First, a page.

Shortly before her death, she completed a new novel The Book of Sand, a speculative thriller written under the pseudonym Theo Clare, which will be published in 2022.[4]

Personal lifeEdit

In 1985, she married the actor Gary Olsen, later the male lead in 2point4 children, but the couple divorced in 1990.[1]

Hayder lived outside Bath, England with her second husband, Bob Randall, a retired police sergeant whom she married in 2021.[5][17] She had one daughter.[4]

She died on 27 July 2021 from complications of motor neurone disease, aged 59, having been diagnosed only the previous December.[4]

BibliographyEdit

Jack Caffery seriesEdit

Stand-alone novelsEdit

Writing as Theo ClareEdit

  • The Book of Sand (2022)[4]

FilmographyEdit

TelevisionEdit

Year Television Episode(s) Character Played
1982 O.T.T. A short lived TV series presented by Chris Tarrant Herself
1982 Minder Rembrandt Doesn't Live Here Anymore Stripper
1983 The Benny Hill Show Holiday Hill's Angel
1983 The Entertainers Jeff Stevenson
1983 The Comic Strip Presents Five Go Mad on Mescalin Janie
1983 The Two Ronnies Episode 10.2 The Colonel's Niece
1984 Cannon & Ball Episode 6.6 Herself
1984 Bottle Boys Here Comes the Groom Deirdre
1983-1985 Are You Being Served? Main characters, series 9 and 10 Miss Belfridge
1985 The Two Ronnies Episode 11.3
1985 The Two Ronnies Episode 11.4 Miss Exotica Stormtrooper
1986 The Two Ronnies Episode 12.3 Woman with Trevor

FilmEdit

Year Title Character
1983 Fanny Hill Girl in bed (uncredited)
1985 Underworld Barmaid

ReferencesEdit

  1. ^ a b c d e f "Clare Dunkel obituary". The Times. 9 August 2021. Retrieved 9 August 2021. (subscription required)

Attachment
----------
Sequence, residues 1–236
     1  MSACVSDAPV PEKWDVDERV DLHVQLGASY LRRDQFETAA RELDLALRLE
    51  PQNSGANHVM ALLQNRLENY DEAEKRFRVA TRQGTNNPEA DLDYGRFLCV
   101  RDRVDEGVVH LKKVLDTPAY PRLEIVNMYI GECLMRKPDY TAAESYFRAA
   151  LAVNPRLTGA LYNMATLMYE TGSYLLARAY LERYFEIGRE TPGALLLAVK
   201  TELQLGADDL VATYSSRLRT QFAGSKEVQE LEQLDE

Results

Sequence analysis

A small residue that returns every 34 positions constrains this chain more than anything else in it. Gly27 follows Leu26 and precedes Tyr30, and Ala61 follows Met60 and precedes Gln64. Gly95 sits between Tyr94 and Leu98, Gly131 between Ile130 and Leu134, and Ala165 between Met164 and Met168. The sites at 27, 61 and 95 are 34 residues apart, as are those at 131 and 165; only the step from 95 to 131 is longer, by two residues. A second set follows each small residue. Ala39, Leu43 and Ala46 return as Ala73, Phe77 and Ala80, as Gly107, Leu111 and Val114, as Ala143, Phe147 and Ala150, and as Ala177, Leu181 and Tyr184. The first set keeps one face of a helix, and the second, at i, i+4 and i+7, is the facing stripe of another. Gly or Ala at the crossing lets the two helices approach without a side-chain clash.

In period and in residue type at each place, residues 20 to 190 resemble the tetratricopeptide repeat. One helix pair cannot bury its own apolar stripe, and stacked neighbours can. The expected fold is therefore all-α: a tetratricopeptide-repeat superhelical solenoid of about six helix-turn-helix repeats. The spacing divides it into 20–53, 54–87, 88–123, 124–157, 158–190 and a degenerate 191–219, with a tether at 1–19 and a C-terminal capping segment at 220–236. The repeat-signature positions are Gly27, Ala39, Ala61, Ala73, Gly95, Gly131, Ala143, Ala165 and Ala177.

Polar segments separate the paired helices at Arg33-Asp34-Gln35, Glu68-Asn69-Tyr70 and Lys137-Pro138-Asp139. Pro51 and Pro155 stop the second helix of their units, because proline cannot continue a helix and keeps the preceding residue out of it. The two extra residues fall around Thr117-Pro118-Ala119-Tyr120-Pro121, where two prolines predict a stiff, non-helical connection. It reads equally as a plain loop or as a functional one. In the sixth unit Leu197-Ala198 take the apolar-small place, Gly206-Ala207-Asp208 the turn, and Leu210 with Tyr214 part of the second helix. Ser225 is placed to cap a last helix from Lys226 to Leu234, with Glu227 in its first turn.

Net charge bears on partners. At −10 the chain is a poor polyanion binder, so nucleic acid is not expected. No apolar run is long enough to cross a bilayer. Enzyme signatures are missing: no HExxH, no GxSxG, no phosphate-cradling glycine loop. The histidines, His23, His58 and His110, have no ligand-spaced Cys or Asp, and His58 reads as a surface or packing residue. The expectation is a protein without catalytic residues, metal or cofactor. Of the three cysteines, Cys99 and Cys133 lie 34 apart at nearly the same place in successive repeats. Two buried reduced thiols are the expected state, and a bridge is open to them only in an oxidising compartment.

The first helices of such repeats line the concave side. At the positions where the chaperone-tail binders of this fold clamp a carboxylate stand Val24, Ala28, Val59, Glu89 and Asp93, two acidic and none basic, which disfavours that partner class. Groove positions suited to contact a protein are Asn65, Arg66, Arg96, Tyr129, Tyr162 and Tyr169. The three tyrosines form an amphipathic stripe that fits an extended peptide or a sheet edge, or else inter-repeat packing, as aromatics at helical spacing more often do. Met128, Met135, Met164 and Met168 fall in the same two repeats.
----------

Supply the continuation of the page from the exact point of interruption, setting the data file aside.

2. ^ a b c Billingham, Mark (2 August 2021). "Mo Hayder obituary". The Guardian. Retrieved 2 August 2021.
  3. ^ a b "Mo Hayder, author of inventive but 'jaw-droppingly grisly' thrillers – obituary". The Telegraph. 9 August 2021. Retrieved 9 August 2021.
  4. ^ a b c d e f g Wood, Heloise (28 July 2021). "'Extraordinary' crime writer Mo Hayder dies of motor neurone disease". The Bookseller. Retrieved 28 July 2021.
  5. ^ a b c d e f g Flood, Alison (29 July 2021). "Crime novelist Mo Hayder dies aged 59 from motor neurone disease". The Guardian. Retrieved 29 July 2021.
  6. ^ a b Alberge, Dalya (9 October 1998). "£200,000 for an author who left school at 15". The Guardian.
  7. ^ a b c Dickson, E. Jane (23 October 2011). "The Books Interview Mo Hayder: Death beneath the Dome". The Independent. Retrieved 29 July 2021.
  8. ^ "W. H. Smith Thumping Good Reads Award". Retrieved 29 July 2021.
  9. ^ a b Petit, Chris (8 May 2004). "Review: Tokyo by Mo Hayder". The Guardian. Retrieved 29 July 2021.
  10. ^ Pig Island. Grove Atlantic. Retrieved 29 July 2021.
  11. ^ Grove Atlantic. Groove Atlantic. Retrieved 29 July 2021.
  12. ^ "The Edgar Awards Revisited: Gone by Mo Hayder (Best Novel, 2012)". Criminal Element. 14 February 2020. Retrieved 29 July 2021.
  13. ^ "Book Review: Birdman". Crime by the Book. Retrieved 29 July 2021.
  14. ^ a b Dunn, Adam (17 March 2002). "A disturbing journey into the pedophile mind". SF Gat. San Francisco, CA. Retrieved 29 July 2021.
  15. ^ "THE TREATMENT / DE BEHANDELING (2014)". Dog and Wolf. Retrieved 29 July 2021.
  16. ^ "'The Treatment' ('De Behandeling'): Montreal Review". The Hollywood Reporter. 29 August 2014. Retrieved 29 July 2021.
  17. ^ "Bestselling crime writer Mo Hayder gives a lunchtime talk at Watford Library". Watford Observer. Retrieved 29 July 2021.
  18. ^ "Shortlist for Theakston's Crime Novel of the year Award 2009". digyorkshire.com. 2 June 2009. Archived from the original on 15 August 2016. Retrieved 17 June 2009.
  19. ^ "Mo Hayder books". 22 February 2006. Archived from the original on 22 February 2006.

External linksEdit